SACRAMENTO, Calif. (Reuters) – California on Tuesday was poised to surpass New York as the U.S. state with the most coronavirus deaths, a grim reminder of the pandemic’s toll even as the vaccine rollout and a sharp drop in new cases offer hope that life will eventually return to normal.
Fatalities from COVID-19 reached 44,495 late Monday in California, the most populous U.S. state, according to a Reuters tally that will be updated later on Tuesday. In New York, which was especially hard hit in the pandemic’s early days, the death toll stood at 44,693. here
“This is a heart-wrenching reminder that COVID-19 is a deadly virus, and we mourn alongside every Californian who has suffered the tragic loss of a loved one during this pandemic,” Dr. Mark Ghaly, head of the state’s Health & Human Services Agency, said of the milestone in an email to Reuters.
Part of the reason for California’s high death toll is the state’s huge population: 40 million people. When considered in terms of per capita deaths, California, with 113 deaths per 100,000 residents, ranks 32nd in the nation. By comparison, New York, with 248 deaths per 100,000, ranks second after New Jersey, which has had about 230 coronavirus deaths per 100,000 residents.
Nationwide, new cases and hospitalizations from COVID-19 have been dropping rapidly while deaths, a lagging indicator, have plateaued.
The United States had reported 27.17 million cases and 465,440 deaths by midnight Monday. There were 79,805 COVID-19 patients in U.S. hospitals by midnight Monday, the lowest hospitalization number since Nov. 19 when there were 80,318 COVID-19 patients in hospitals.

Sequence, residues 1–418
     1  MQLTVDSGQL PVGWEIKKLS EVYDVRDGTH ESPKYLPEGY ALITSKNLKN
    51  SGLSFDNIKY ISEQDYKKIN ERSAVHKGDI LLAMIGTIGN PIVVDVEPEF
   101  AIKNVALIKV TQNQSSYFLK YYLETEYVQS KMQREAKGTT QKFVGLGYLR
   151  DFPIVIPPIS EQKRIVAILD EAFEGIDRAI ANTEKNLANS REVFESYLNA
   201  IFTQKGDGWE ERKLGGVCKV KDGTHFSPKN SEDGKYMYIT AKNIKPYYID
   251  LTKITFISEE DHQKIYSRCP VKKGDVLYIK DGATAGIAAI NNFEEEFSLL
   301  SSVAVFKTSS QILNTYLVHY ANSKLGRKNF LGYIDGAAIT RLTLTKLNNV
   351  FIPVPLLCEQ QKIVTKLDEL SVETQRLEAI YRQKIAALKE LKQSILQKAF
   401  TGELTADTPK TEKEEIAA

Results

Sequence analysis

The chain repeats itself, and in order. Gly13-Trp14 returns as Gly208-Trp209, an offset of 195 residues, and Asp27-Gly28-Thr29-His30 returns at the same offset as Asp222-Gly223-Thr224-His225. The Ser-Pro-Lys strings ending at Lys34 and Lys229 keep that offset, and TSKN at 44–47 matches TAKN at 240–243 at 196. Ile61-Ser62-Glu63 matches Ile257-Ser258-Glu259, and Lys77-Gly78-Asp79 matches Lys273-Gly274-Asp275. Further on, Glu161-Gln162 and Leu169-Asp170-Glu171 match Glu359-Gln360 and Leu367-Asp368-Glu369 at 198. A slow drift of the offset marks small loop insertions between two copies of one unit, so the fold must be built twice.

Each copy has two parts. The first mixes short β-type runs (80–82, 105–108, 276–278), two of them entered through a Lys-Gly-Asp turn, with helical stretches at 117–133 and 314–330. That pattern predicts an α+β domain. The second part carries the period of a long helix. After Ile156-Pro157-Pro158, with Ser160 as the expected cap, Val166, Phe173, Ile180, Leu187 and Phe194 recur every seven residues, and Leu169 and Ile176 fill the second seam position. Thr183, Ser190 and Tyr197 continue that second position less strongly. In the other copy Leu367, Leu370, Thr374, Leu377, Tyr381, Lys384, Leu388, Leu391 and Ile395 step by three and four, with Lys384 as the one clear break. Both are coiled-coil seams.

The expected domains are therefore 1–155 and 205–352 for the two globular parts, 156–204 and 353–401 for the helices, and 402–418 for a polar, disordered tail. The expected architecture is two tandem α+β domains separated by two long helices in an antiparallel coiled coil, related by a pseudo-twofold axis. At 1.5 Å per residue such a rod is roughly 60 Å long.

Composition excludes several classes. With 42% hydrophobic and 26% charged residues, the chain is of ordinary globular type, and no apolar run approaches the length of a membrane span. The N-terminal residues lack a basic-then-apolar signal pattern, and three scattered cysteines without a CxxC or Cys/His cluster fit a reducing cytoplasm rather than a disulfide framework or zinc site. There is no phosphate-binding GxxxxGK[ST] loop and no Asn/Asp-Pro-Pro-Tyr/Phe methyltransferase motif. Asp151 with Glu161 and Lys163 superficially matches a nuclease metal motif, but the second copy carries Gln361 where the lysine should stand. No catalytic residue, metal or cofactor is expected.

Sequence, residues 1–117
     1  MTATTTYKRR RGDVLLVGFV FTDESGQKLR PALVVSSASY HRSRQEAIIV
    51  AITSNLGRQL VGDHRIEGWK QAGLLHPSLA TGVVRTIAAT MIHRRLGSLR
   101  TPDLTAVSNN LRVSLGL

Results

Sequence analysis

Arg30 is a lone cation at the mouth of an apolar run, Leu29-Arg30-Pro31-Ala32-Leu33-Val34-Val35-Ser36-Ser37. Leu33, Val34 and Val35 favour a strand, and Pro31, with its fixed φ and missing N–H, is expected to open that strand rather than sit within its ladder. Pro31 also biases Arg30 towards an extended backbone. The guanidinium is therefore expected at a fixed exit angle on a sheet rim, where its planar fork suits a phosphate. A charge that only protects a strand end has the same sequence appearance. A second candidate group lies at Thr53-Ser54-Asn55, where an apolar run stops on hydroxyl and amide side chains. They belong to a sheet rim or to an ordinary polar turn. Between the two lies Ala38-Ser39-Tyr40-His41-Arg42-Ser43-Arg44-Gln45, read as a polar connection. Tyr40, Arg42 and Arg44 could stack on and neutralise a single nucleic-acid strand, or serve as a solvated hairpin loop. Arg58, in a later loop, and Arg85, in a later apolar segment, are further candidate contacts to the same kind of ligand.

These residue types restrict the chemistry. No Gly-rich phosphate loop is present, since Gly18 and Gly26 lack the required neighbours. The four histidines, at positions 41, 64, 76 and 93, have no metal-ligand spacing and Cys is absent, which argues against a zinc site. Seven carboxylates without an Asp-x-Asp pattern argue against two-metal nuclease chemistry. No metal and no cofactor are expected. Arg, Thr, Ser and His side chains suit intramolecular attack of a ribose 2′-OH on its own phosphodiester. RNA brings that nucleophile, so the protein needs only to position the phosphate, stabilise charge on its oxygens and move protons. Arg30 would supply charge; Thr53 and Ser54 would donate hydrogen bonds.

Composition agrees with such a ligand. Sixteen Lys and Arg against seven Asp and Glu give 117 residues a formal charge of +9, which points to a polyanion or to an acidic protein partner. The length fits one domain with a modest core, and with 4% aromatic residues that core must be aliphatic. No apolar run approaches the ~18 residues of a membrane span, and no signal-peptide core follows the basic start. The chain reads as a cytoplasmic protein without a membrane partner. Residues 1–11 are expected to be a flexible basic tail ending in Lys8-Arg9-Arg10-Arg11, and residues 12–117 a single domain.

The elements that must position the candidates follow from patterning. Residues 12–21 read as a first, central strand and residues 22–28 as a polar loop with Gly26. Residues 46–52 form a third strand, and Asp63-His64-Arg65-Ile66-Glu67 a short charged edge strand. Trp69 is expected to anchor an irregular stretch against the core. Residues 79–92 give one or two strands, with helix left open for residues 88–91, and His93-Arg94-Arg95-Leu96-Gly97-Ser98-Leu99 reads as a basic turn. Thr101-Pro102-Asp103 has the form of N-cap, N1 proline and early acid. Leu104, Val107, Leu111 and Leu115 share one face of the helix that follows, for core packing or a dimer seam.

But in California as well as other states the improvement masks a continuing march of illness and deaths, which remain higher now than they were at the pandemic’s previous peak last summer.
The number of new deaths reported daily in the state has declined over the past several weeks, but remains “remarkably” high at an average of 500 fatalities per day over the past 14 days, Governor Gavin Newsom said at a news conference on Tuesday.
“Deaths continue to be devastating and our heart goes out to every family member that’s lost a loved one, that’s been torn asunder because of this pandemic,” the California governor said, speaking at the opening of a new vaccination site at Levi’s Stadium in Santa Clara County near San Francisco.
Public health experts fear that a surge propelled by Super Bowl parties on Sunday, as well as the arrival of new, highly contagious variants of the virus may lead to another jump in cases before most Americans are vaccinated.
In an effort to speed the rollout of vaccines that are being counted on to stop the pandemic’s spread, President Joe Biden on Tuesday announced that his administration planned to increase the number of vaccine doses sent to the states, beginning on Feb. 15.
Part of the expanded supply will be sent to community health centers in an effort to improve vaccine access for the mostly poor and minority population that the centers serve, the White House said on Tuesday.
By Tuesday, about 33 million Americans had received at least one dose of vaccine to fight the coronavirus, the U.S. Centers for Disease Control and Prevention (CDC) reported.
“This vaccine is the weapon that will win this war!” New York Governor Andrew Cuomo said at a news briefing on Tuesday. Ten percent of New York state residents have received the vaccine, he said.
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